From restful beaches to delicious hole-in-the-wall restaurants to famous Victorian architecture, the island is surrounded with great beauty and amazing history. You won't want to miss the tranquility of a Galveston sunset. We welcome you to visit this exciting and wonderful town.
- Moody Gardens: Aquarium Pyramid, Butterfly Pyramid, Discovery Zone, IMAX
- The Strand
- Specialty Stores
- Night Life: Yaga's, Tsunami's, The Lounge, The Drip
- Annual Festivals: Dickinson's on the Strand, Mardi Gras, Biker Rally, Epicurean Night
- Restaurants: The Spot, Salsa's
- Night Life: The Drip
- Schlitterbahn Water Park
- Bolivar Ferry
- Galveston Texas State Park
- Historical Attractions: Bishop's Palace, 1877 Tall Ship ELISSA, Moody Mansion House
- Cruise Lines: Carnival Cruises, Royal Caribbean
Galveston Island Attractions
Visit www.galveston.com for more information.
League City/Friendswood Information
League City is a community of 90,000 residents located halfway between Galveston and Houston. It a rapidly growing city that is attracting many new residents due to its safe and affordable neighborhoods, top rated Clear Creek ISD school district, and numerous shopping, dining, and entertainment options. Friendswood is a city of 35,000 residents that has been named as one of “America’s Best Places to Live” by CNN/Money magazine in recent years. Like League City, it has a top rated school district, great family oriented neighborhoods, and beautiful parks for its residents to enjoy. Many of our fellows chose to live in these areas to be close to our clinics on the mainland and for the easy commute to Galveston.
Other attractions near League City and Friendswood include the Kemah Boardwalk, NASA and Johnson Space Center, water sports on Clear Lake, Bayou Wildlife Park, and the Tanger Outlet Mall in Texas City.
What to do in Houston?
Houston is the fourth most populous city in the United States known for its diversity, award winning restaurants, and world-class arts/theatre, shopping, and nightlife. Houston is a great place to live and work. Housing and cost of living is very affordable, and the city has a bustling economy with a broad industrial base in healthcare, oil & gas, energy, manufacturing, and aeronautics. Houston is known as the energy capital of the world and is home to NASA as well as the Texas Medical Center, which is the largest medical complex in the world. The city is home to 26 Fortune 500 companies. In 2014, Business Insider heralded Houston as the best city in America because of its booming economy, cultural diversity, fine dining, and affordable cost of living.
Houston is home to several professional sports teams including the Houston Rockets (NBA), Houston Texans (NFL), Houston Astros (MLB), and Houston Dynamo (MLS). Houston will also host the 2016 NCAA Men's College Basketball Final Four as well as the 2017 NFL Super Bowl LI
Houston's museum district is home to 18 cultural institutions. The city also hosts numerous Broadway shows, musicals and concerts throughout the year.
Houston Livestock Show and Rodeo is the world's largest livestock show and live entertainment. In addition to the livestock show and rodeo, it hosts concerts from some of the world's biggest recording artists every year.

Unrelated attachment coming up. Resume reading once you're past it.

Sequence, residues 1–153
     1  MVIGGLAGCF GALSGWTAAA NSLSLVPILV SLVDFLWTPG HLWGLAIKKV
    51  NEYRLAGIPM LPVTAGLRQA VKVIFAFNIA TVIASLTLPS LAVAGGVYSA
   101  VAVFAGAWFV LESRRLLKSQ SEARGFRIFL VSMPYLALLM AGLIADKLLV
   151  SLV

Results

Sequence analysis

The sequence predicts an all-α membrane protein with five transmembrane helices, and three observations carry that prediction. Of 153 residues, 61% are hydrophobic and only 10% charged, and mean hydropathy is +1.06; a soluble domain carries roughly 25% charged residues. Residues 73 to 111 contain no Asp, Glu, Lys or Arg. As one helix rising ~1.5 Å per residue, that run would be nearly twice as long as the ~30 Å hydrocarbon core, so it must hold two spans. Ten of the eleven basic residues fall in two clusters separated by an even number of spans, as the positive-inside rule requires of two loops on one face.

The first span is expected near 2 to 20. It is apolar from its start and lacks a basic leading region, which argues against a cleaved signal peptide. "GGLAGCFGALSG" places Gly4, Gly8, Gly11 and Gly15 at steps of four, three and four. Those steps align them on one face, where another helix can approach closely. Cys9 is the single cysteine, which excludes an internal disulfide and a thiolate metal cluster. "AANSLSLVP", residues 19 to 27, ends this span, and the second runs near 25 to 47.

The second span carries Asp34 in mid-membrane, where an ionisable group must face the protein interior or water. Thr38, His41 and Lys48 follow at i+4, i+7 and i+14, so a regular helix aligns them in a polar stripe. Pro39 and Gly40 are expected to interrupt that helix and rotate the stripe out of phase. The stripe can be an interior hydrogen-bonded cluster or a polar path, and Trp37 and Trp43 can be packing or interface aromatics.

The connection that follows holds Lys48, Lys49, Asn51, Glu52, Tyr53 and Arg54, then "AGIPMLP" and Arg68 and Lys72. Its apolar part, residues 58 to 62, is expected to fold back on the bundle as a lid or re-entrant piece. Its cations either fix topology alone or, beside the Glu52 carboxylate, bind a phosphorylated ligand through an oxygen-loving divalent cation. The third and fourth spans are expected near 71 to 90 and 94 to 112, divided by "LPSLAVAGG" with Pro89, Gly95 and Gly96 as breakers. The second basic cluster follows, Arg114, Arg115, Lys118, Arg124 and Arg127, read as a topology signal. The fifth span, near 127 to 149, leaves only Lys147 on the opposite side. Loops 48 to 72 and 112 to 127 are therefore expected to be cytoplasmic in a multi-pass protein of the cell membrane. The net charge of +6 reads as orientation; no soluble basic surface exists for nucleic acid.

Being one of the largest cities in the nation, Houston has distinct shopping areas throughout the city. The Houston Galleria is the largest mall in Texas and the eight largest mall in the United States
Houston is in the nation's top 10 in total acreage of parkland. There are plenty of trails and parks for biking, running, and even water activities.
With more than 165 golf courses along with the mild winter climate, Houston a great place for golfers.
Houston has a 55-acre zoological park within the city
Houston is home to more than 10,000 restaurants representing cuisine from more than 70 countries and American regions. Food & Wine named Houston the “newest capital of great food” in 2013.
Houston is a very affordable place to live and a great place to raise a family. In addition there is no state income tax in Texas. The following website is a great resource whether you are looking to rent or purchase anywhere in the Greater Houston Area including Galveston, League City/Friendswood/Clear Lake, and Houston.
The department of internal medicine is developing evidence based clinical protocols which will be available in EPIC (as order sets) for use when admitting patients with these diagnoses. Their AIM is to standardize care and decrease length of stay and readmission rates.Currently available protocols are:
- CAP - Community Acquired Pneumonia Order set
- Congestive Heart Failure (CHF)
- Chronic Obstructive Pulmonary Disease (COPD)
- Diabetic Ketoacidosis Adult, ICU
- General Medicine Admission
- Immunodeficiency Flow Panel
- MICU/CCU Admission Order Set
- Oral Analgesic Medications
- Parenteral Opioids
- Sepsis, Adult ICU
- 111 - Stroke Alert
- 112 - Stroke Activation
- 300086 - Stroke Floor Admission
- 3000000001 - Stroke Critical care without tPA
- 300088 Stroke - Transfer from Critical care to floor
- 3004002 - Stroke Discharge
All protocols can be found in the EPIC order set section.
The department of Internal Medicine has a large role in the Meaningful Use Initiative. Our participation is key for the success of the initiative. Please visit the meaningful use website for important communication and updates from the Meaningful Use Initiative.